ADCB strengthens client relations with Al Murshid

Abu Dhabi Commercial Bank (ADCB) has opened the doors to its Al Murshid contact centre, built to strengthen customer relationships.

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By  Matthew Southwell Published  January 29, 2004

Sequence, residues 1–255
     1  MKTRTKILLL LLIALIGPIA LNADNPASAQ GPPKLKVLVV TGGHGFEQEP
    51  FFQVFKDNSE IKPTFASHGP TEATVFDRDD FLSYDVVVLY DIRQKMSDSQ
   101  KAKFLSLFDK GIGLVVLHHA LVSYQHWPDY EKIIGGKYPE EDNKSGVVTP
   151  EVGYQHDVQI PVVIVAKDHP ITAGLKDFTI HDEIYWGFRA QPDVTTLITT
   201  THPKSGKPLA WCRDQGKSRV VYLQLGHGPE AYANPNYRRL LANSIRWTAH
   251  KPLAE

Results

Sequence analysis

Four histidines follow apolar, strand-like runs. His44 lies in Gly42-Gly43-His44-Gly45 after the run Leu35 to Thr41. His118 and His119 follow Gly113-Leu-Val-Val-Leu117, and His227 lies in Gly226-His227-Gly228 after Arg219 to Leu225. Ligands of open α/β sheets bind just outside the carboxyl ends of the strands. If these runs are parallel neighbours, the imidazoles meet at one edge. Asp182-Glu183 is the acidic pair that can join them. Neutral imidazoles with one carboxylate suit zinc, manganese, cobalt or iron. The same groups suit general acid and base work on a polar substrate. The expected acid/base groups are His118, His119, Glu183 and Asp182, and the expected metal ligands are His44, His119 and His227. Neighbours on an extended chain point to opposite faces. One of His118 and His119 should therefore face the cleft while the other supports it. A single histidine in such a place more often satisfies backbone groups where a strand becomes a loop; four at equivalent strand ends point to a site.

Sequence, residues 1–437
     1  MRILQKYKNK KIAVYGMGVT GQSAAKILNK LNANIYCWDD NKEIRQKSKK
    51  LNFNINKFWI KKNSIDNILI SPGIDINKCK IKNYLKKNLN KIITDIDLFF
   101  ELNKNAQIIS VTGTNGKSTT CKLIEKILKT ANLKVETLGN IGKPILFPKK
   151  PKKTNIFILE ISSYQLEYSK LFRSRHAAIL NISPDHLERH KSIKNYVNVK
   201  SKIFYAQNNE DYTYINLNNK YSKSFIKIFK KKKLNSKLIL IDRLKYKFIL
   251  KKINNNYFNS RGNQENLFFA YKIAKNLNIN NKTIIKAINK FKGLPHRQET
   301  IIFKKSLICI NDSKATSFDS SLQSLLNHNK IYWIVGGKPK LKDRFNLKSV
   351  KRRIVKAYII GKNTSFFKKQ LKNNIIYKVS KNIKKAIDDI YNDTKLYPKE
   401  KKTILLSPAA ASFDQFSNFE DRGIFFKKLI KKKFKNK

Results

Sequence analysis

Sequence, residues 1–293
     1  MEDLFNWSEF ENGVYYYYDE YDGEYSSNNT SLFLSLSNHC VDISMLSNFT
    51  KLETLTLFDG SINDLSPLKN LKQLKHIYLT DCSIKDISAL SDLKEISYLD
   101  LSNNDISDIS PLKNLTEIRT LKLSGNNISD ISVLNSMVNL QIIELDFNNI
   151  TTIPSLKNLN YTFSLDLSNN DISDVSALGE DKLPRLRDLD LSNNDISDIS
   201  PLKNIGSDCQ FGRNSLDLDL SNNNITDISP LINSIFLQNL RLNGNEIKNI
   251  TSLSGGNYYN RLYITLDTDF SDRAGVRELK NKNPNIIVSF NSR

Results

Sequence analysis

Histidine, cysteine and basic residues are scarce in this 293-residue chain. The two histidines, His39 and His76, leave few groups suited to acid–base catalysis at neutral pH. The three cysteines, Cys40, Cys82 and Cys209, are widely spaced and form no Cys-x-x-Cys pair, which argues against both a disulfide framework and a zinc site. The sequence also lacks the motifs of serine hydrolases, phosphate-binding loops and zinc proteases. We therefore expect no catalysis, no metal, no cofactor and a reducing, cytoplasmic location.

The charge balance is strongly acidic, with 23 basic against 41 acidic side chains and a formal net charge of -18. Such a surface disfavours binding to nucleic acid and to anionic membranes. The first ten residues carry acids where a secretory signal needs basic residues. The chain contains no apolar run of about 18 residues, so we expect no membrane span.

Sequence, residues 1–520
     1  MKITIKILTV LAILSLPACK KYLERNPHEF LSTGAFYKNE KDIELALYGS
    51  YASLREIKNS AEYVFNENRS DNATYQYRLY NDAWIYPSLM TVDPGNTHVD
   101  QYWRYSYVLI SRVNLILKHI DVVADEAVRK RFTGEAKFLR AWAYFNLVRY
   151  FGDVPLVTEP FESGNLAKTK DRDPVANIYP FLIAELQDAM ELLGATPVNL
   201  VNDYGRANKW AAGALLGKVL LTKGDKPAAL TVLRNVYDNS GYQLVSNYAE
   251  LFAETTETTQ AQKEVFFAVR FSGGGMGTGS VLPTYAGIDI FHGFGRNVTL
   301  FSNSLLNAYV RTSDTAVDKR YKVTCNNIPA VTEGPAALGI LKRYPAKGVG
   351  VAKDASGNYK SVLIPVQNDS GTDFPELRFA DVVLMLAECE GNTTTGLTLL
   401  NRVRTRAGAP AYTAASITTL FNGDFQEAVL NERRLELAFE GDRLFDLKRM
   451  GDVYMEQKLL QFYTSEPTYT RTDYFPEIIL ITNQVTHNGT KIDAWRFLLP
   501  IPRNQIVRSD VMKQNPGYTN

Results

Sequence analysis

|~|Dickens_m.jpg|~||~|Abu Dhabi Commercial Bank (ADCB) has opened the doors to its Al Murshid contact centre. Built to strengthen customer relationships and provide clients with a 24x7 service, the centre utilises a range of technologies from Avaya, Cisco and HP. Currently home to 20 agents, the contact centre’s primary functions revolve around enquiry handling and processing. However, as it gains critical mass, the centre will become a business unit capable of boosting the bank’s bottom line by cross and up selling a range of financial products to clients. “ADCB is several months into a complete restructuring that will see us virtually reinvent the bank. Customers are going to see re-branding, a restructuring of the non-customer related activities and branches being turned into sales and service centres,” says Steven Dickens, ADCB’s chief operations officer. “The whole initiative is about customer service and making ADCB more appealing to customers. Providing a contact centre is a first step towards making us more in tune with [our customer’s] needs. The message is that we do care about our customers and consider them to be important,” he explains. Housed in a dedicated facility, the contact centre runs on Avaya Interaction Centre (AIC) software. It comprises a range of management modules for voice, e-mail and web, along with various programmes for intelligently routing, reporting and analysing calls and data. The software sits on a cluster of three Compaq DL 580 and three Compaq DL 380 servers, while an Avaya Definity PABX is integrated with the contact centre application and ADCB’s IVR solution to accelerate communication with branches and enhance the user experience. The Al Murshid centre has also been equipped with four pairs of Gigabit speed CAT 6 local area network (LAN) cables. Other network components include Cisco 2950 T 24 ports; switch fast Ethernet with a Cisco 2610 X M router and a leased line connection of 2M/bits/s. The latter links the Avaya contact centre application to the bank’s computer room, which houses ADCB’s key customer and transaction processing systems. “The contact centre has been all kitted out from new. We have revamped the whole telephone banking system into the bargain and reinstalled the IVR. All of the equipment the agents are using is brand new, as is the software,” says Dickens. As ADCB is in the process of switching its core banking system from Capbanc to i-flex solutions’ Flexcube offering, the contact centre currently accesses customer data through an inhouse application called Oasis, which is integrated with the AIC through a series of application programme interfaces (APIs). This allows agents to view account and card details for customers on screen, as well as routing data updates to the application systems. “We didn’t want to wait until the core banking system had been replaced to start initiatives like the contact centre because it is still able to provide a valuable service to the customers,” says Dickens. “However, when we have deployed Flexcube, we will have an even more complete view of the customer and their full relationship with the bank, which will help improve our services and offerings yet further,” he adds. As the bank deploys an increased amount of technology to help deliver on its customer-centric vision, the contact centre will play an increasingly important role. For instance, it will help ADCB cleanse data as it is transferred to the Flexcube core banking system. Additionally, the contact centre will help ADCB promote and sell the range of financial services and products it intends to introduce to the local market following its reinvention. “Although the contact centre is currently fielding enquiries and basic account related transactions, such as the blocking of cards, activation of new cards and PINs, in the fullness of time it will become more proactive and begin promoting and cross selling products,” Dickens says. Although the infrastructure work surrounding the Al Murshid centre is complete, ADCB has much work to do to build a computing environment capable of running Flexcube and ensuring the bank uses it to its full potential. As such, Cedar Consulting and the inhouse IT team are planning, evaluating and implementing a range of technologies. On the network side, the bank has decided to retain its existing Etisalat frame relay network and Cisco routers. However, it will increase the capacity of both to cater for the additional requirements of Flexcube, provide greater e-mail connectivity and permit more advanced information distribution techniques, such as soft copy reporting and access to data warehouse applications. “Depending on surveyed requirements, we envisage having certain legs of the network running at 1Mbits/s with the standard being 512Kbits/s. However, this configuration might be varied, depending on decisions yet to be taken about the feasibility and desirability of moving to central clustered servers,” explains Dickens. “The disaster recovery arrangements that will be used with iflex include a fibre optic link with satellite back up from the production centre to the hot disaster recovery/business continuity site for realtime data replication,” he continues. In terms of hardware, ADCB is finalising its requirements and was completing product walk throughs at the time of going to press. However, regardless of which products are selected, Dickens is committed to running the bank’s overhauled computing environment centrally, to facilitate easier management and closer alignment with ADCB’s workflows. “There will be a lot of Unix servers, a storage area network and so on. It will be a fairly heavy duty architecture but it will give us an opportunity to consolidate what we have got spread across the branches and invest in the size of the network rather than the hardware itself,” he says. “Furthermore, by centralising operations and putting them into a factory where they can be preformed more accurately by expert staff, we will be able to achieve tremendous economies of scale. This reduces error levels and improves customer service, which is what this is all about,” Dickens adds.||**||